• Posts
  • RSS
  • ◂◂RSS
  • Contact

  • Underselling Donation

    November 23rd, 2012
    giving  [html]
    I just read Esther Katcoff's article on her experience as a Peace Corps volunteer in Paraguay. After her iPod broke she was hit with a wave a guilt over the prospect of buying a new one when there were people who had so little. While she decided not to buy one:
    I couldn't just donate the money saved. I was an Urban Studies major. I knew about the complications of development work, the band-aid solutions, the causes that just sound good, the charity that unmotivates the beneficiaries, the money that doesn't always reach the ground. The only way, I told myself, the only way is to understand completely what the people need to fish themselves out of their lake.

    I tell people I joined the Peace Corps to understand what it means to be poor, but that's just part of the story. I joined the Peace Corps to figure out how to escape the guilt of having so much while other people have so little.

    The rest of the article is her struggling with the guilt of having more than the people around her while in Paraguay. Reading this makes me sad in the same way as the story of Charles Gray: in both cases they worked hard and sacrificed a lot along an approach that offered a poor tradeoff between self-sacrifice and others-benefit.

    While the donation complications she brings up ("band-aid solutions", "causes that just sound good", ...) are real, you can avoid them by choosing good charities. This lets your money have an effect that is, on balance, strongly positive.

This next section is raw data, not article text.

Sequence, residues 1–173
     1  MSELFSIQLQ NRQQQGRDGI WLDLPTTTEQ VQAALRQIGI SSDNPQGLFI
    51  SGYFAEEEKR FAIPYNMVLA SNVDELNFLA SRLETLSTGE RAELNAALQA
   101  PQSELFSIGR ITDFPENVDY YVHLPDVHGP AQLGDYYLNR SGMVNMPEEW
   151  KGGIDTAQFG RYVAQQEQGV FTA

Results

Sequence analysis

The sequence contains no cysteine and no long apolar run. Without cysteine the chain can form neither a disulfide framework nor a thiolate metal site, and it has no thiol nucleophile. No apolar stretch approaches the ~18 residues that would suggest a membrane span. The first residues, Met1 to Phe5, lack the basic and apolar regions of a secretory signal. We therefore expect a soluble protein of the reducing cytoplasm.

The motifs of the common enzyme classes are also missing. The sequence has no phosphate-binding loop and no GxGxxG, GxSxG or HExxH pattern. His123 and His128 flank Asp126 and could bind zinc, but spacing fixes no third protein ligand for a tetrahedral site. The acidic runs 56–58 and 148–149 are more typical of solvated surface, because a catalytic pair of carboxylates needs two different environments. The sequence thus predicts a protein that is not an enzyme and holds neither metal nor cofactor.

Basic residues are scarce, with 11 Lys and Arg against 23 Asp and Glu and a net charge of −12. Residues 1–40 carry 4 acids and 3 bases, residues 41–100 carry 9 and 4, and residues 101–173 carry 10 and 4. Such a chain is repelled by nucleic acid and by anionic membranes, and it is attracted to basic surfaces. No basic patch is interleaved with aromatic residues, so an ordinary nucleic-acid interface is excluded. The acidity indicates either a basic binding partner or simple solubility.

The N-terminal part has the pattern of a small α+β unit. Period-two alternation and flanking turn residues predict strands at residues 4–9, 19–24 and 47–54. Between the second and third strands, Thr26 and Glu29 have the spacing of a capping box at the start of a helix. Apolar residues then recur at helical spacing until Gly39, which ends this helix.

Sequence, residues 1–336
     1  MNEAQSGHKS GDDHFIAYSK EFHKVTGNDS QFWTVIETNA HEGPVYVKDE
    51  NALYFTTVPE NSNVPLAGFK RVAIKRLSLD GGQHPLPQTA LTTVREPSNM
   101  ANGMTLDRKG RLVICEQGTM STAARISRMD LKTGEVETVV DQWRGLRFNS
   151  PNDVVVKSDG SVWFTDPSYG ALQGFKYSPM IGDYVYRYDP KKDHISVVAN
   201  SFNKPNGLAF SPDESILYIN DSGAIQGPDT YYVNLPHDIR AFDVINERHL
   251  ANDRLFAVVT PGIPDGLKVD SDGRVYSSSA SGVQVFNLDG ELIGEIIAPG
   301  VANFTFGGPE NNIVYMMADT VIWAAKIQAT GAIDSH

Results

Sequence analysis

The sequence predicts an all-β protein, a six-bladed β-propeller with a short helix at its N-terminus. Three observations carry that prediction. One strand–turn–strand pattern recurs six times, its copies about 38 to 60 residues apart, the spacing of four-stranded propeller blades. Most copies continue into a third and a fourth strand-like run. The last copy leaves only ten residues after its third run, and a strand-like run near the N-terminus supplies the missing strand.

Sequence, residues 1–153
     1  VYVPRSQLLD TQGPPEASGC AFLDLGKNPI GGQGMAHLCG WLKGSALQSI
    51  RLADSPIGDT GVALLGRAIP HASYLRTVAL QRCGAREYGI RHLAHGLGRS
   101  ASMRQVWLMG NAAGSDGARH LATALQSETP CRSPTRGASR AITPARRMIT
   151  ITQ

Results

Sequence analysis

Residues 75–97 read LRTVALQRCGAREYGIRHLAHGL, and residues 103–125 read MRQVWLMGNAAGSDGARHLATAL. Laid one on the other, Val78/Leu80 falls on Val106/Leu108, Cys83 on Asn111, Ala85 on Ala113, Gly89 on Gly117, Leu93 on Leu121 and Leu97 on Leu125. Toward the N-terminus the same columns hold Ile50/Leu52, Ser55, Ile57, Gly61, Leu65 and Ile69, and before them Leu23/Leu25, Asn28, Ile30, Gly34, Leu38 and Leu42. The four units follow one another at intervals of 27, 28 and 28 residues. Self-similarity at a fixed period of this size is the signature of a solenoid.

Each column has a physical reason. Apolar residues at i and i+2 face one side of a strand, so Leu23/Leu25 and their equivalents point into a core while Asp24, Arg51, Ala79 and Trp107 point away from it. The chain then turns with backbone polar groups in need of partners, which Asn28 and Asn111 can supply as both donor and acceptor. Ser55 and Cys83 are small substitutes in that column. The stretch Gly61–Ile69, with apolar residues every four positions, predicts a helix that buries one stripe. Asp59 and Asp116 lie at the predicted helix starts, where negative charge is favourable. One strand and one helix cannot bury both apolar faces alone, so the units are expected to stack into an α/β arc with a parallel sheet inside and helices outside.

How can we get earning to give to be more widely considered as an option?

    Comment via: google plus, facebook

    Recent posts on blogs I like:

    Austerity is Inefficient

    Working on an emergency timetable for regional rail has made it clear how an environment of austerity requires tradeoffs that reduce efficiency. I already talked about how the Swiss electronics before concrete slogan is not about not spending money but ab…

    via Pedestrian Observations February 27, 2021

    Fireside Friday, February 26, 2021

    Fireside this week, but next week we are diving into our long awaited series on pre-modern textile production, though we will be particularly focused on the most important clothing fibers in the Mediterranean world, wool and linen (rather than, say, silk …

    via A Collection of Unmitigated Pedantry February 26, 2021

    The Troubling Ethics of Writing (A Speech from Ancient Sumer)

    (Translated from a transcript of an ancient Sumerian speech by Uruk's most well-respected Scriptological Ethicist) Writing is a profoundly dangerous technology: Access to writing was initially, and still remains, uneven. What's worse, the rich are m…

    via BLOG - Cullen O'Keefe February 15, 2021

    more     (via openring)


  • Posts
  • RSS
  • ◂◂RSS
  • Contact